• Quantitative Methodologies for Socially Just Inquiry, 3 credits (Program Evaluation)

    • Data Visualization Applications, 3 credits (Program Evaluation)

    • Advanced Statistics, 3 credits (Program Evaluation)

    • Report Writing for Public Consumption, 1 credit (Program Evaluation)

    • GIS and Spatial Data, 1 credit (Program Evaluation)

    • Immigration, Social Justice, and the Practice of Social Work, 3 credits (Global)

Student Profile
Emily Hopkins

Emily Hopkins is a second-year master’s Social Policy and Political Social Work student with a focus on Children and Youth in Families. Originally from Albuquerque, NM, Emily received her Bachelor’s degree in Child Development from Texas Christian University in 2018. Emily chose to attend Michigan’s School of Social Work because she thought it would be challenging and help her grow both personally and professionally. She is passionate about serving others and giving voice to vulnerable populations, specifically children within the child welfare system. When not studying, Emily can usually be found putting the ‘social’ in social work, baking desserts for friends, or boxing. At Michigan, Emily discovered her passion for policy and political social work. Throughout her time in the program, Emily has had multiple opportunities to further develop her passions and career interests such as: attending Student Advocacy Day on the Hill in Washington D.C. and lobbying to Michigan Representatives; conducting research for a State Representative to support a proposed bill; working on a local political campaign as a Campaign Researcher and Communications Coordinator. After graduation, Emily hopes to work as a Legislative Aide for a few years before going to Law School. In the future, Emily hopes to become a Judge or a Prosecutor.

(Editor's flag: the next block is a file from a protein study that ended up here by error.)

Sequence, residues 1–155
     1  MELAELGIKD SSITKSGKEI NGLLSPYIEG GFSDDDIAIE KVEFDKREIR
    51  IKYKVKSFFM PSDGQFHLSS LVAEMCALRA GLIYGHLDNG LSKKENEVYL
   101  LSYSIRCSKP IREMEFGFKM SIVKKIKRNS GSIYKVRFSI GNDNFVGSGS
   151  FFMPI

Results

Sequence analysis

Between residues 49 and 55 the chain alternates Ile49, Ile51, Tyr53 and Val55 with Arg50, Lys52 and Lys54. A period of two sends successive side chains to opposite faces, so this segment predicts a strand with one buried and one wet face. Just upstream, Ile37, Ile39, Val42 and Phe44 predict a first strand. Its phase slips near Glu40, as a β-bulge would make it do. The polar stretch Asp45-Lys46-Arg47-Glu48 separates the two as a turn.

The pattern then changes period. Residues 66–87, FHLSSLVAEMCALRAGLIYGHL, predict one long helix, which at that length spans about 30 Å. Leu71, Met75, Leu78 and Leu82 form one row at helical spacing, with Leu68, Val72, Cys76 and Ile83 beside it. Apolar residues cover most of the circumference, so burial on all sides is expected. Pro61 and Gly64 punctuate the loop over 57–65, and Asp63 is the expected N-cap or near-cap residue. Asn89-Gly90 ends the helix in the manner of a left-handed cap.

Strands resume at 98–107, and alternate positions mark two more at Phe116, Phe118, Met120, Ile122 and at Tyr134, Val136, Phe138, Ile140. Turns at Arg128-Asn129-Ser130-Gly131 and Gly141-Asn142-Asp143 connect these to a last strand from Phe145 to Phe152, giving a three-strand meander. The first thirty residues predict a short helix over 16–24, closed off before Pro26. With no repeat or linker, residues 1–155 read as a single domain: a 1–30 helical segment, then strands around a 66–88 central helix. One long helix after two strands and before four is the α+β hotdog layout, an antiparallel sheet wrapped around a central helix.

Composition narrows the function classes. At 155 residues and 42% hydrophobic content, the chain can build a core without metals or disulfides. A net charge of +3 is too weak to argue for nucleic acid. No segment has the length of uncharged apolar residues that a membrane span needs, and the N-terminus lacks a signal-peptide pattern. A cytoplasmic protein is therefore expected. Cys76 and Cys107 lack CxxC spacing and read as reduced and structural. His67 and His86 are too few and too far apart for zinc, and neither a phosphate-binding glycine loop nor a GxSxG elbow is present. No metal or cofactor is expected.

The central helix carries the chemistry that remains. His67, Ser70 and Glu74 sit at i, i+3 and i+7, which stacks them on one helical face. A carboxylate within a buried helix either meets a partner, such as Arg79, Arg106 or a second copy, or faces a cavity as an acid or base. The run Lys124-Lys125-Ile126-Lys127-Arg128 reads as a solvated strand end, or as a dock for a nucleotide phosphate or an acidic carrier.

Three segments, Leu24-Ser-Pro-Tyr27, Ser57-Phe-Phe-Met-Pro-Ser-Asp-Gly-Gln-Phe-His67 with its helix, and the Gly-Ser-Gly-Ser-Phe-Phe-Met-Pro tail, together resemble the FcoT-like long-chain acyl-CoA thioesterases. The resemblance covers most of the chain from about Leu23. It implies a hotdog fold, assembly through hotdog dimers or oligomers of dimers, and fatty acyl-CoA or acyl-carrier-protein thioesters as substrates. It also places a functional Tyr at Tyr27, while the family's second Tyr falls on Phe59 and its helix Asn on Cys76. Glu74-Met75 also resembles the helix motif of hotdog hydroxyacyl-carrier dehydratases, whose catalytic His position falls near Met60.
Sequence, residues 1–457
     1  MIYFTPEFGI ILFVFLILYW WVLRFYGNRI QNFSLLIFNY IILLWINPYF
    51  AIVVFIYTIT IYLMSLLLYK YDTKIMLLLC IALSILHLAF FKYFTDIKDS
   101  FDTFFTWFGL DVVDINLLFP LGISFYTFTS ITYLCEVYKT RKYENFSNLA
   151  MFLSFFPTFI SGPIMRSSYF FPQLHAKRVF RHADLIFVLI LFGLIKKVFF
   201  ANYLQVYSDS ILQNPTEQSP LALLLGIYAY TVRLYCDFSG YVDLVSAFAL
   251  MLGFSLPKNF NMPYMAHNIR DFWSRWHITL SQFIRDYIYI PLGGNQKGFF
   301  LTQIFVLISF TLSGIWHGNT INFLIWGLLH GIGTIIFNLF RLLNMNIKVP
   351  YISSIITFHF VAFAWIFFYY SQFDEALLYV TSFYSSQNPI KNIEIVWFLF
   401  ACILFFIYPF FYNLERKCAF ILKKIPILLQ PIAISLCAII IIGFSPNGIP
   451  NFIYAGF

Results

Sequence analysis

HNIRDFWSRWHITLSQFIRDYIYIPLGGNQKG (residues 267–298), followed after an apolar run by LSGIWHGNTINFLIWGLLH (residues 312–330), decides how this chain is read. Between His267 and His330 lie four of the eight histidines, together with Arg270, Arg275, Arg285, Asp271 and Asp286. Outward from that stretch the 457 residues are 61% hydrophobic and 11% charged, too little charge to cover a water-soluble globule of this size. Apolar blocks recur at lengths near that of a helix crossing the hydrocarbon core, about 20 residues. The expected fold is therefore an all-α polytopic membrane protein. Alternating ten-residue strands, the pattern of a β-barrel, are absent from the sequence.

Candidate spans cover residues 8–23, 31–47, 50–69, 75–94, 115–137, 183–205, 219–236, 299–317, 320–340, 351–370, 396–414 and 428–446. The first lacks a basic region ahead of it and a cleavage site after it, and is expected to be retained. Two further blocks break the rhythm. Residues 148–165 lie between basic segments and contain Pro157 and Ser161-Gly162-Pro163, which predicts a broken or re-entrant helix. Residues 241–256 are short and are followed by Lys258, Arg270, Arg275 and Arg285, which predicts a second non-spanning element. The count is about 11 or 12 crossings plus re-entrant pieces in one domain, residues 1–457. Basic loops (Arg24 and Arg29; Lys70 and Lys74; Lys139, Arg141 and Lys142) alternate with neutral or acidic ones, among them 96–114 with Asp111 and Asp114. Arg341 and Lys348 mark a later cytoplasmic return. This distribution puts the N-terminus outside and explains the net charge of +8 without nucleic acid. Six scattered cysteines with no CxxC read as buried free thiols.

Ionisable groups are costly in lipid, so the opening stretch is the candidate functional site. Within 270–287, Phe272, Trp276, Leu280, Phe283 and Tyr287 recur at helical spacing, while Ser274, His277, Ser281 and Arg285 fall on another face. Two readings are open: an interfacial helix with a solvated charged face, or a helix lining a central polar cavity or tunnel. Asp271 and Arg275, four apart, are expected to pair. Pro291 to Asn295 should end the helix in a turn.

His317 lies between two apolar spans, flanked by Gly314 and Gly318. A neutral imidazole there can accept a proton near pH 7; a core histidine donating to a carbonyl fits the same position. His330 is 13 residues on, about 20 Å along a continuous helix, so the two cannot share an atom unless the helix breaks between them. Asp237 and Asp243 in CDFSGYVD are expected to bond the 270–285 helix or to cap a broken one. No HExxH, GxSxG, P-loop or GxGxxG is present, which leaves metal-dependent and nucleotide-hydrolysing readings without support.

Alumni Profile
Sarah Leder

Sarah Leder is a Presidential Management Fellow Finalist (PMF) and is currently applying to various federal agencies.  She earned her Master of Social Work from the University of Michigan in December 2019. During her time in the MSW program, Sarah focused on policy and politics, earning a Certificate in Political Social Work. She interned with two different organizations. First, she worked with the Michigan State Appellate Defender Office’s Juvenile Lifer Unit. There, Sarah created Comprehensive Reentry Plans for clients who were receiving a new sentence. Additionally, she conducted mitigation and casework for individual clients. Her second field placement was with The Justice Policy Institute (JPI) in Washington, D.C. Working as a Research and Policy Graduate Intern, Sarah contributed to reports (e.g. An Analysis of Youth in the Adult System Charged with Violent Crimes) and attended community-based meetings with Baltimore-area organizations and in Maryland prisons. Sarah believes her time working in the federal government will further her ability to advocate with and for incarcerated individuals and promote criminal justice reform in the US.

Faculty Pathway Leads

  • Justin D. Hodge

    Justin D. Hodge


    Clinical Assistant Professor, University of Michigan School of Social Work

    Political social work, policy social work, social policy, voting rights, civic engagement, community organizing, community development, mental health, asset development, children’s savings accounts
  • Kristin S. Seefeldt

    Kristin S. Seefeldt

    PhD, MPP

    University of Michigan School of Social Work

    Poverty, economic well being, financial coping strategies, recession, recovery policies, work-life balance